FTC Reports pertaining to Duralube.



In an ongoing campaign targeting ads that tout motor oil additives with deceptive claims that they reduce engine wear or extend engine life compared to motor oil alone, the FTC charged the seller of Motor Up Engine Treatment with making unsubstantiated and deceptive advertising claims, in violation of federal laws. Motor Up Corporation and its principal, Kyle Burns, faced an administrative trial.
FTC Reports pertaining to MotorUp.



The marketers of the Super FuelMAX automotive fuel-line magnet, advertised as providing dramatic fuel-saving and emissions-reducing benefits, agreed to settle Federal Trade Commission charges that their claims were unsubstantiated. These guys claimed that sticking a pair of magnets around your fuel line would increase your gas mileage by 27% whilst reducing harmful pollutants by 42%. Yes hydrocarbon fuels can be affected by diamagnetic influence but does that improve fuel economy?
The FTC alleged that the manufacturers did not possess or rely on reasonable substantiation for the claims they made. The complaint also alleged that the manufacturers falsely represented that tests performed at a certified EPA laboratory prove that Super FuelMAX performed to the above figures. Finally, the FTC charged that ads for Super FuelMAX featuring a testimonial from Alexander Elnekaveh endorsing the product did not reflect Elnekaveh's actual experience with the product or the typical or ordinary experience of members of the public who use the product. Therefore, the FTC complaint said, the representations concerning the testimonial were false or misleading.
FTC Report on the FTC vs. FuelMax.
FTC Reports pertaining to FuelMax.

Examples of the additive manufacturers fighting back

In order not to paint a completely one-sided picture of the aftermarket additive market, here are some examples of the manufacturers fighting back and ultimately winning.



The Federal Trade Commission filed suit in a U.S. District Court that sought to halt false and misleading advertising for zMax auto additives and which asked the court to order refunds to consumers who bought the products. The agency alleged that enhanced performance claims for the product were unsubstantiated, that tests cited to support performance claims actually demonstrated that motor oil treated with zMax produced more than twice as much bearing corrosion than motor oil alone, and that the three different products - an engine additive, a fuel line additive and a transmission additive - were all actually mineral oil tinted with food colouring.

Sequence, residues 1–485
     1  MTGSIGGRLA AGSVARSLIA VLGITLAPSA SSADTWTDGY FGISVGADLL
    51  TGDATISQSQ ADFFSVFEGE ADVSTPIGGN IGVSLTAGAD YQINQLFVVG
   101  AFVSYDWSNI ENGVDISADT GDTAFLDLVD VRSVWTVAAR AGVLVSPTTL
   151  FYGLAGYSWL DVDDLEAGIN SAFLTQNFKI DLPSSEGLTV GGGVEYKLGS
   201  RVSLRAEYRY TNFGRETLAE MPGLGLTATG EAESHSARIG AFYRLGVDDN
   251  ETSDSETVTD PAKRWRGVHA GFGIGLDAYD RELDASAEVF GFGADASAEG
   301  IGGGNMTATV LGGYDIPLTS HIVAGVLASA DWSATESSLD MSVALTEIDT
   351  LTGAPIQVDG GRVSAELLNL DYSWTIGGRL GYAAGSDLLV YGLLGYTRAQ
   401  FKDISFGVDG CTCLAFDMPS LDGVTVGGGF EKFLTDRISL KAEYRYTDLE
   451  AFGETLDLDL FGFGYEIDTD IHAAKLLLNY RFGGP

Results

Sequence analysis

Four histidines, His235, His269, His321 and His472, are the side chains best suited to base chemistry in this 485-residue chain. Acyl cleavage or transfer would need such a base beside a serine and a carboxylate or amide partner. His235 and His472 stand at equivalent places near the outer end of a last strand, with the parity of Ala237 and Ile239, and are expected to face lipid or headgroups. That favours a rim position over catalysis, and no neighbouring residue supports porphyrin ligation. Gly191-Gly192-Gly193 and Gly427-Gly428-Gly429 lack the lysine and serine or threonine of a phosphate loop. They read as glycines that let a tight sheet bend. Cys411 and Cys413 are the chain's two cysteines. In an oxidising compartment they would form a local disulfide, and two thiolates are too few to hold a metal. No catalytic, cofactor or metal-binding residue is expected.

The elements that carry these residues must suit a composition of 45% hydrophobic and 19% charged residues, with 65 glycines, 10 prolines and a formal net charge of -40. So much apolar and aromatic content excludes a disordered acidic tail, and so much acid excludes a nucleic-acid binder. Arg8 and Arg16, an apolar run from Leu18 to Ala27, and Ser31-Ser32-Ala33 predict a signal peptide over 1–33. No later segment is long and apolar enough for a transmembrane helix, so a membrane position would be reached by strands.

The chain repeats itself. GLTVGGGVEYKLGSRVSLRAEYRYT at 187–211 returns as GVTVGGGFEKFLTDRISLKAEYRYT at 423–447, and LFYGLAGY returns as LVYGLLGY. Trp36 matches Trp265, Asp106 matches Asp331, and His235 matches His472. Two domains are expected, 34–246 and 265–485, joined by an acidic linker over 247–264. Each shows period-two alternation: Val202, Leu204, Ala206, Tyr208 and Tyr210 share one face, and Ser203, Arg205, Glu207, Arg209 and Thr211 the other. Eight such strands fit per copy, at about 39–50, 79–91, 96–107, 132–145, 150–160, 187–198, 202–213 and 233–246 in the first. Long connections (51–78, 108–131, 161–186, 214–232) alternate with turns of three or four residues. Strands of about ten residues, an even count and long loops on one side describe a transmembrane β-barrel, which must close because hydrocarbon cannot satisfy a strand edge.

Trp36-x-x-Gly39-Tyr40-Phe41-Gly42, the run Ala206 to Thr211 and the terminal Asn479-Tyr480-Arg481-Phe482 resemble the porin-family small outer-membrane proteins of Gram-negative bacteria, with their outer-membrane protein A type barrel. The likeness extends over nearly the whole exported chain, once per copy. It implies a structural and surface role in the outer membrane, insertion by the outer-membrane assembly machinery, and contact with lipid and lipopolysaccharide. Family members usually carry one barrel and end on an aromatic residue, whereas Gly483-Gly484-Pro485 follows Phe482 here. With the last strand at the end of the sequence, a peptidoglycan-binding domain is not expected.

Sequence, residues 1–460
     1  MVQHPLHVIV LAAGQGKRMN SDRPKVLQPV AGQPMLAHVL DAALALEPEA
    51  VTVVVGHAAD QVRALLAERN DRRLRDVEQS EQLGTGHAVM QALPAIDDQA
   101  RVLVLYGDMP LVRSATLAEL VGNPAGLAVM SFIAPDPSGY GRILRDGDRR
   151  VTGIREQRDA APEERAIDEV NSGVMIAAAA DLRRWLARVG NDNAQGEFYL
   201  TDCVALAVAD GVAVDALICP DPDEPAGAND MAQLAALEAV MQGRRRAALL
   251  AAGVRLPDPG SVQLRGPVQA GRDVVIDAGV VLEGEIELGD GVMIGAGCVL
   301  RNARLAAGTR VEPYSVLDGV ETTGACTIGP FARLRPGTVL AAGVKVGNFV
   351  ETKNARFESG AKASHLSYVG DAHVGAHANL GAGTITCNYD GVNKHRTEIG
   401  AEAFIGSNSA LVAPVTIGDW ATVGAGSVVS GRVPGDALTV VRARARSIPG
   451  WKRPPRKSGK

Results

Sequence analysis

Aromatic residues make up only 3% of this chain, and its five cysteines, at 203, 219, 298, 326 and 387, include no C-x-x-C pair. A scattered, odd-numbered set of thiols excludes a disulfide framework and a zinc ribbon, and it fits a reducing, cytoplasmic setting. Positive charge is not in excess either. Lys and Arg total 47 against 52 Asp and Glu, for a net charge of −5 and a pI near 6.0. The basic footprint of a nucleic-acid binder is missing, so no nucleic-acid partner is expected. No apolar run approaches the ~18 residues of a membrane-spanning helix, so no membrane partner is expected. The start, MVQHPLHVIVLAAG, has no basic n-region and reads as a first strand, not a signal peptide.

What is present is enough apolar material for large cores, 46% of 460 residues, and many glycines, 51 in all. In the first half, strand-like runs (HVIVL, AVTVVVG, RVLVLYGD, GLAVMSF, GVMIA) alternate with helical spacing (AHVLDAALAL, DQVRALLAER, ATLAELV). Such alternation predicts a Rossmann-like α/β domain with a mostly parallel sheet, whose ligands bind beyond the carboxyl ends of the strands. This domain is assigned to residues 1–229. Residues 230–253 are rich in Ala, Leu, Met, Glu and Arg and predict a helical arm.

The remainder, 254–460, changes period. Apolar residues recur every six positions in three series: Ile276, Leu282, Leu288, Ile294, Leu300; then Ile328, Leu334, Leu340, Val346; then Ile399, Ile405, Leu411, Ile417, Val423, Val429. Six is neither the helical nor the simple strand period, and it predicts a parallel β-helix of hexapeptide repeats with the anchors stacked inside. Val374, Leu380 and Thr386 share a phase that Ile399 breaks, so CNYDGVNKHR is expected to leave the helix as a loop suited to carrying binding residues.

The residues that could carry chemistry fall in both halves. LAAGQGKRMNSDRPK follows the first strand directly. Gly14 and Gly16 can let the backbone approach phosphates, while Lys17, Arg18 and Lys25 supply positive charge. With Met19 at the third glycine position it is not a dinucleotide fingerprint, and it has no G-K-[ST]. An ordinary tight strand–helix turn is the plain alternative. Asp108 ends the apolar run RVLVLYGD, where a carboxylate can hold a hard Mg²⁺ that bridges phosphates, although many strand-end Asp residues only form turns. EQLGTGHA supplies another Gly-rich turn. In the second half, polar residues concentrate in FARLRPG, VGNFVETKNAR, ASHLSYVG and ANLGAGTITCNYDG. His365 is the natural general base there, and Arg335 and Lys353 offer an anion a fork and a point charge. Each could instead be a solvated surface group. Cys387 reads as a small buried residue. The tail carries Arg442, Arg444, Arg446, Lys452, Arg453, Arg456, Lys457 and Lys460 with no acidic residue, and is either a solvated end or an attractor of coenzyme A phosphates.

However, on 20th March 2003, Speedway Motorsports Inc. (TRK) and Oil-Chem Research Corp., the manufacturers of zMax, announced that they had settled their dispute with the FTC. The Concord, North Carolina-based Speedway said that the dispute was concerning the advertising of zMAX Power System. Marylaurel E. Wilks, VP and general counsel said, "We at Speedway Motorsports are very pleased that the staff of the Federal Trade Commission has specifically confirmed that Oil-Chem can continue to make the following claims in its advertising and promotion of zMAX:".

Here's the kicker (from their website): "Oil-Chem and SMI have not admitted any liability in this litigation. However, in order to avoid the significant expense and time involved in the litigation, the FTC, Oil-Chem and SMI have agreed to end the litigation by the signing of an order, which, in summary, states: (a) Oil-Chem and SMI do not admit any liability and continue to deny any liability; (b) The FTC has issued its compliance letter (which confirms that enforcement is not merited for the eight specified claims); (c) Oil-Chem and SMI will not make advertising claims which are not properly substantiated; and (d) Oil-Chem and SMI will offer a refund of up to $1 million, in the aggregate, to certain purchasers of zMAX, who bought zMAX before January 31, 2001."

The original FTC Report on the FTC vs. ZMax.
The somewhat fuzzy final ruling in this case.
FTC Reports pertaining to zMax.
Click here to see the FTC court order (PDF file).